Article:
I understand fully how important it is to memorialize these people. We have what we call in Newfoundland and Labrador a national war memorial on Duckworth Street—it used to be in my riding, but it's slightly off there now—that is called a “national war memorial” because we were then a nation, and small though we were, we made a significant sacrifice in World War I. The memory of that is very dear to me and very dear to people in Newfoundland and Labrador, but we do recognize that there needs to be some flexibility in how you deal with an offence involving damage to a cenotaph or war memorial.

I suppose you could pick and choose from Patricia Varga's letter if you wish, but I will read this paragraph in its entirety because I think we need to get the flavour of this. When Patricia Varga wrote, she couldn't come as a witness, but she offered her views and took the opportunity to comment on the text.

Obviously they strongly support the intent to include instances of mischief against a war memorial or cenotaph or any object associated with honouring or remembering these Canadian men and women who paid the supreme sacrifice in the service of Canada during war and on subsequent operations.

She did say that the membership “...is strongly in favour of recognizing the serious nature of these incidents and in consideration of the feelings and the emotions expressed by all Canadians against such acts.”

She goes on to say in the same paragraph:We do however feel that the provision of appropriate penalties suitable to the individual particulars of an incident should reflect the nature of these acts and there should be latitude in assessing the gravity of the situation.

The punishment should fit the crime and although no incident of this nature can be condoned, there should be provision for restorative justice measures with a mandated dialogue between veterans groups and the offenders. There should be provision where offenders are encouraged to take responsibility for their actions, to repair the harm they have done, by apologizing to a group of Veterans, or with community services. It provides help for the offender to avoid future offences and provides a greater understanding of the consequences of their actions.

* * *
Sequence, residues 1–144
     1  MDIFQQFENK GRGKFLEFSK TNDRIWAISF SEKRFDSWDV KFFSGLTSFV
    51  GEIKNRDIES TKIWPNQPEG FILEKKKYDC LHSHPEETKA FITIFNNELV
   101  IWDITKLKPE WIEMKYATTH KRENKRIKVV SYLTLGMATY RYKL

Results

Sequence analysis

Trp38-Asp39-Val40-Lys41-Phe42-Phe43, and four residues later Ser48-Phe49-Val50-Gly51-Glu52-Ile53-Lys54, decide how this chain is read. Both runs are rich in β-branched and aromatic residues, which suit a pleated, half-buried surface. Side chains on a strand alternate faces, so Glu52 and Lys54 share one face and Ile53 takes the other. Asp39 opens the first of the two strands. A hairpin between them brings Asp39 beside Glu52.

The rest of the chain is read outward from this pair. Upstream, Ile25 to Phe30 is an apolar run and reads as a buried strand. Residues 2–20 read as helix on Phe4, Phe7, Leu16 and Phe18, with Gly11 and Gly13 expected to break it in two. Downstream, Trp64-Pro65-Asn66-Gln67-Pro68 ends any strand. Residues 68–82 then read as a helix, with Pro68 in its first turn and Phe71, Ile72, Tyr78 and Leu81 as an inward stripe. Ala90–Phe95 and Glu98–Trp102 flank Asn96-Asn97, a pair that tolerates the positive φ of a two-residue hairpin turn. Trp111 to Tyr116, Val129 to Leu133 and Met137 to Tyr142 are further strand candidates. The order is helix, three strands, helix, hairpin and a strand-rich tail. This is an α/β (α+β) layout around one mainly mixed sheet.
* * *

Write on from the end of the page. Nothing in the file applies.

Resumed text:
We need to encourage greater understanding, greater appreciation. We understand that some of the people who testified before us, who were themselves veterans, are getting older and may not be the ones to do it, but the Canadian Legion is going to go on, and the memory is going to go on, and it's up to us as parliamentarians and members of society. In fact, in the last number of years we have seen a growing interest and concern and participation in remembrance services. All members of Parliament have acknowledged that and have commented on it in their own ridings. We see it in small towns and we see it in large places, and that education is growing.

I suspect that you're going to see, as a result, a significant decrease in incidents of this nature, and I don't think we need to put denunciation at the top of the list of the sentencing provisions as the primary motivation for this legislation.

I strongly support the approach suggested by the Royal Canadian Legion. Putting the Bill C-217 portion that sets aside a separate provision recognizing the seriousness into the Criminal Code acts in itself as a denunciatory act and, in the appropriate circumstances and when denunciation is the top-of-mind response, we would want to see our judges use that as a means of determining an appropriate sentence.

However, the sentence must fit the crime. Everybody should agree with that as a general principle, and it is not for Parliament to set down what the specific sentence should be in every particular offence when we have highly educated, highly trained, highly experienced, and intelligent judges who are in place to do that for us. We as parliamentarians ought to provide the legislative framework and let the judges do their work.